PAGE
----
Adapting the NPP coach for installation of the Stanton drive required some cutting of the main floor and the vestibule floor in the body shell, and installation of a new raised floor section for mounting the drive. The Stanton's profile is 1/8" or so higher than the original NPP power truck. After cutting away enough main floor and vestibule to allow the Stanton to swing, I made a new floor section from 1/16" (.0625") brass strip, and offset it from the main floor using 2-56 screws and nuts and a stack of seven #2 washers. I also drilled new mounting holes in the main floor and and drilled and tapped new mounting holes in the body shell to ensure that the floor attaches securely to the body shell.
|Side view of the new raised floor section for the Stanton drive truck. The offset is created by a 2-56 nut and a stack of seven #2 washers. The Stanton drive is in the background.|
|Bottom view of the main floor showing cut to accommodate truck swing, new body mounting screws holes, and four 2-56 screws.|
The remotoring project uses a North West Shortline Stanton drive. During DC-only tests, the Stanton performed fairly well after a break-in of 30 minutes in each direction. The Stanton picks up power on all wheels, but consistently stalled on turnout frogs. One of my next steps is to install pickups on the trailing trucks will get pickups; the materials are enroute.
Meanwhile, I have been seeing increasing references to DCC decoders featuring 'stay alive' or 'keep alive' capabilities. 'Keep Alive' decoders use a capacitor to compensate for interruptions in current caused by dead frogs, dirty track, or otherwise inadequate contact. Several DCC makers are offering variations on this capability.
In addition to seeing references on the bulletin boards and Yahoo groups, Trevor Marshall mentioned the technology in his blog posts on installing DCC in an S scale doodlebug and then in an Overland S scale RS18. Trevor's motive power features sound, and the Keep Alive decoders also ensure that sound doesn't suffer any 'skips' or unprototypical interuptions.
Bernie Kempinski's recent post on the topic discussed how Keep Alive decoders added new enjoyment to his modeling by imparting new reliability on his Civil War-era 4-4-0 steam locos, and removing the tedium and expense of powering frogs either via switch machine/throw contacts or DCC frog juicers.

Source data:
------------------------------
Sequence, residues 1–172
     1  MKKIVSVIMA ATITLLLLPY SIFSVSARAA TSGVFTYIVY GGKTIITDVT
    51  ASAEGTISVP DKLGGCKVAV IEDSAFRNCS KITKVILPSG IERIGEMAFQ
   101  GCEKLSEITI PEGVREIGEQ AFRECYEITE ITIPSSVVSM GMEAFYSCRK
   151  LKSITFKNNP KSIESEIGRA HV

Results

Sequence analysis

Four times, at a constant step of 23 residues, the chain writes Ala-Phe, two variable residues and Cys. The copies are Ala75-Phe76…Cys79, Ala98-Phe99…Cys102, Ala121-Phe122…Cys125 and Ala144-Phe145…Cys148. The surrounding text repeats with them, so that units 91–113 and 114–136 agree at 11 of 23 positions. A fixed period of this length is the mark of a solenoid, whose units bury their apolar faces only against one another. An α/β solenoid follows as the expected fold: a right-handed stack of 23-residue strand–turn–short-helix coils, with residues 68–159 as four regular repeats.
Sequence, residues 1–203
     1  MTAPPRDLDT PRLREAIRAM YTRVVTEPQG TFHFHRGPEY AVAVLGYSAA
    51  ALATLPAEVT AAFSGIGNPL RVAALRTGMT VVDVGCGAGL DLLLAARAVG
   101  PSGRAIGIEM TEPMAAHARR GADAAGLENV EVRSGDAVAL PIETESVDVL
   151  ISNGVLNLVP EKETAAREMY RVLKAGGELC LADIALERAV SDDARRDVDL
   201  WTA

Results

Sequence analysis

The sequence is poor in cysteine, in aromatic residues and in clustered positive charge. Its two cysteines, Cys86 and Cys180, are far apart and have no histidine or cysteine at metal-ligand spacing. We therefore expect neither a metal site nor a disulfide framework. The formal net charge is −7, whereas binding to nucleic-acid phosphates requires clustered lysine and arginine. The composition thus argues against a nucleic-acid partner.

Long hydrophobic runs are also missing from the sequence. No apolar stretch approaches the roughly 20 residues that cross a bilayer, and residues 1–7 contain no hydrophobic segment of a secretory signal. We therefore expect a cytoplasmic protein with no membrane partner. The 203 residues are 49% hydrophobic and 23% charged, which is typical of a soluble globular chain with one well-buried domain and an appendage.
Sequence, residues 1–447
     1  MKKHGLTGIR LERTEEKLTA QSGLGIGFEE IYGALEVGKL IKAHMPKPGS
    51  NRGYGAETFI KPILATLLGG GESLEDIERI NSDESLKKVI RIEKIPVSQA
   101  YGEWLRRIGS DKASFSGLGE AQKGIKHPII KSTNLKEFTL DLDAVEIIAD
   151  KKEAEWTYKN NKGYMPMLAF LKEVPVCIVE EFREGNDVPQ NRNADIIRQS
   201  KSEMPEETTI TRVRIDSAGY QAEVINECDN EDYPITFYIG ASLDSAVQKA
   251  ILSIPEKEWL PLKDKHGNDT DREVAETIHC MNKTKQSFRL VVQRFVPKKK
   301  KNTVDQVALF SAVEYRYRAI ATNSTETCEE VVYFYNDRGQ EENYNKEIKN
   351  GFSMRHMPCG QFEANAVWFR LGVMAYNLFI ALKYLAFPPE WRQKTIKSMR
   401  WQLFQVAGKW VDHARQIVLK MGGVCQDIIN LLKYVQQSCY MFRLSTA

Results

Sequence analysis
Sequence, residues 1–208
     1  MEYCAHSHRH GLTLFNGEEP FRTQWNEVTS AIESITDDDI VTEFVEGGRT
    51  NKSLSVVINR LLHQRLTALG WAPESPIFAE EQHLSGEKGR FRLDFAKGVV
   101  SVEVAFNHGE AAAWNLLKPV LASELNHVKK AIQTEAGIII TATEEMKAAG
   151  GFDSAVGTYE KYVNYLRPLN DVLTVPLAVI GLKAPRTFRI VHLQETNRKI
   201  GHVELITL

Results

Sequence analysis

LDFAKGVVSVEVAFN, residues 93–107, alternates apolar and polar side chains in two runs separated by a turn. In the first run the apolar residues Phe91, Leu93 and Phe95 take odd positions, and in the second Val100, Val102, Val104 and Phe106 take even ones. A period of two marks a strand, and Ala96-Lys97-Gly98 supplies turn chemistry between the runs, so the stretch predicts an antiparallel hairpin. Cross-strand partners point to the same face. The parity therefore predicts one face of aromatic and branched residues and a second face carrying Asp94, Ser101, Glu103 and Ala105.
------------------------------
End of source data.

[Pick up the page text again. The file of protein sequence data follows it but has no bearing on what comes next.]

Keep Alive DCC decoders seemed almost too good to be true, but I wanted to experiment with one for the NPP South Shore coach repowering project. I acquired a Train Control Systems KAT22 decoder for this project and temporarily wired it into the model for a test. Other DCC manufacturers offer comparable DCC decoders. I ensured that my test rig wouldn't short or foul the running gear, and then got it on the track.
The results of my test of the KAT22 decoder in the South Shore car did not disappoint. The car moved smoothly at low speeds, and straight through dead frogs and patches of dirty track--all without the addition of new pickups on the currently dead trailing truck. Its overall performance on DCC vastly improved on my DC tests, which probably says more about the quality of my DC test controls than anything else.
See for yourself: check out the YouTube video below for the test of the coach under DCC control.
With DCC installation under control, I turned back to cosmetic features of this model. I added styrene mounting pads to the Stanton drive for truck side frames, and mounted new, functional pantographs to the roof. Next steps include fitting pickups to the trailing trucks and working out LED lighting.
|Evergreen .060" x .250" strip cut cemented to the Stanton mounting pads with liquid styrene cement. The Stanton case is ABS and thus glue-able.|
|New pans reaching for the sky, just like they're supposed to do.|